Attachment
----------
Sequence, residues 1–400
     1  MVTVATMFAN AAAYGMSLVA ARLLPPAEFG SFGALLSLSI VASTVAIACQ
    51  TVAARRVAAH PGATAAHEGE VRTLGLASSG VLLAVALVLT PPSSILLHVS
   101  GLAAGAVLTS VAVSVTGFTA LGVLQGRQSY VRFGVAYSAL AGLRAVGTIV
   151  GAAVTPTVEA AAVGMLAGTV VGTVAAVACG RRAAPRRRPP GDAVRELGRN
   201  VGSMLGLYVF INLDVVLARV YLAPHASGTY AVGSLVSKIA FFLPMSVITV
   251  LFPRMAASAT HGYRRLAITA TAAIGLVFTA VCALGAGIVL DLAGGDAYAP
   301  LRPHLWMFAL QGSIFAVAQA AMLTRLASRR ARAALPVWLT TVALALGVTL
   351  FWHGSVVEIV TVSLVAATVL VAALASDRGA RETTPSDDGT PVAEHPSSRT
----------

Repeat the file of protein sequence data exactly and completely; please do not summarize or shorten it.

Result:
Sequence, residues 1–400
     1  MVTVATMFAN AAAYGMSLVA ARLLPPAEFG SFGALLSLSI VASTVAIACQ
    51  TVAARRVAAH PGATAAHEGE VRTLGLASSG VLLAVALVLT PPSSILLHVS
   101  GLAAGAVLTS VAVSVTGFTA LGVLQGRQSY VRFGVAYSAL AGLRAVGTIV
   151  GAAVTPTVEA AAVGMLAGTV VGTVAAVACG RRAAPRRRPP GDAVRELGRN
   201  VGSMLGLYVF INLDVVLARV YLAPHASGTY AVGSLVSKIA FFLPMSVITV
   251  LFPRMAASAT HGYRRLAITA TAAIGLVFTA VCALGAGIVL DLAGGDAYAP
   301  LRPHLWMFAL QGSIFAVAQA AMLTRLASRR ARAALPVWLT TVALALGVTL
   351  FWHGSVVEIV TVSLVAATVL VAALASDRGA RETTPSDDGT PVAEHPSSRT